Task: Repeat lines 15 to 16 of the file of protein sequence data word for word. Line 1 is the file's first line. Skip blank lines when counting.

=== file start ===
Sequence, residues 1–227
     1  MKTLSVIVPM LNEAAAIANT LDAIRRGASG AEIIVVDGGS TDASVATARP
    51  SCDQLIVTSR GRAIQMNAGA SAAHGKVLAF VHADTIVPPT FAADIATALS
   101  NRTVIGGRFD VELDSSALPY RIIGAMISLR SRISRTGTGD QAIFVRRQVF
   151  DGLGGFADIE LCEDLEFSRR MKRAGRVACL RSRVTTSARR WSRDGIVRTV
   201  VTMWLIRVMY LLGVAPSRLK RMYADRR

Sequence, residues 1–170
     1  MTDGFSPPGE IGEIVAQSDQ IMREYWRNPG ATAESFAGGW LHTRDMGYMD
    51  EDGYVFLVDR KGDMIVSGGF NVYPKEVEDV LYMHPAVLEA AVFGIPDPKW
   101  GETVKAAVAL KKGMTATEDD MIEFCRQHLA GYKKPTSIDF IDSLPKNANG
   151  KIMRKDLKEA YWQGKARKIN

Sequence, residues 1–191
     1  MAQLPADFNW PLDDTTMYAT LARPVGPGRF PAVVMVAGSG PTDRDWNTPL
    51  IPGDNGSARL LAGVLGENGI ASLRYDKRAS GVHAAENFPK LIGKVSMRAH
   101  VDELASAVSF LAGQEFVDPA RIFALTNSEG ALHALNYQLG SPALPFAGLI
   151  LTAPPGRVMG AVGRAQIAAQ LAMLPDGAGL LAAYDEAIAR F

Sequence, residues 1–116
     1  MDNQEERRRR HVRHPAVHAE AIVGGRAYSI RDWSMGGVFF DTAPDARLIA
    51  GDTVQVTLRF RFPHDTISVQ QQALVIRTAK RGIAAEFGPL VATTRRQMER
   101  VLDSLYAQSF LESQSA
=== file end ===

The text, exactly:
   101  VDELASAVSF LAGQEFVDPA RIFALTNSEG ALHALNYQLG SPALPFAGLI
   151  LTAPPGRVMG AVGRAQIAAQ LAMLPDGAGL LAAYDEAIAR F